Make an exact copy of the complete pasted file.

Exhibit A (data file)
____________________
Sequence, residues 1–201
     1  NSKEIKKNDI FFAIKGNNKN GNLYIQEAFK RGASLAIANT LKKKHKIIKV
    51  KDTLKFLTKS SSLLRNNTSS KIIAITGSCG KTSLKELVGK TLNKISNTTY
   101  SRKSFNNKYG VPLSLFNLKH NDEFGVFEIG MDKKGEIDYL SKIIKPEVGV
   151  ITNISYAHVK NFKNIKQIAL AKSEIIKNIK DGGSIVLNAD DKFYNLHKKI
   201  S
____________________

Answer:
Sequence, residues 1–201
     1  NSKEIKKNDI FFAIKGNNKN GNLYIQEAFK RGASLAIANT LKKKHKIIKV
    51  KDTLKFLTKS SSLLRNNTSS KIIAITGSCG KTSLKELVGK TLNKISNTTY
   101  SRKSFNNKYG VPLSLFNLKH NDEFGVFEIG MDKKGEIDYL SKIIKPEVGV
   151  ITNISYAHVK NFKNIKQIAL AKSEIIKNIK DGGSIVLNAD DKFYNLHKKI
   201  S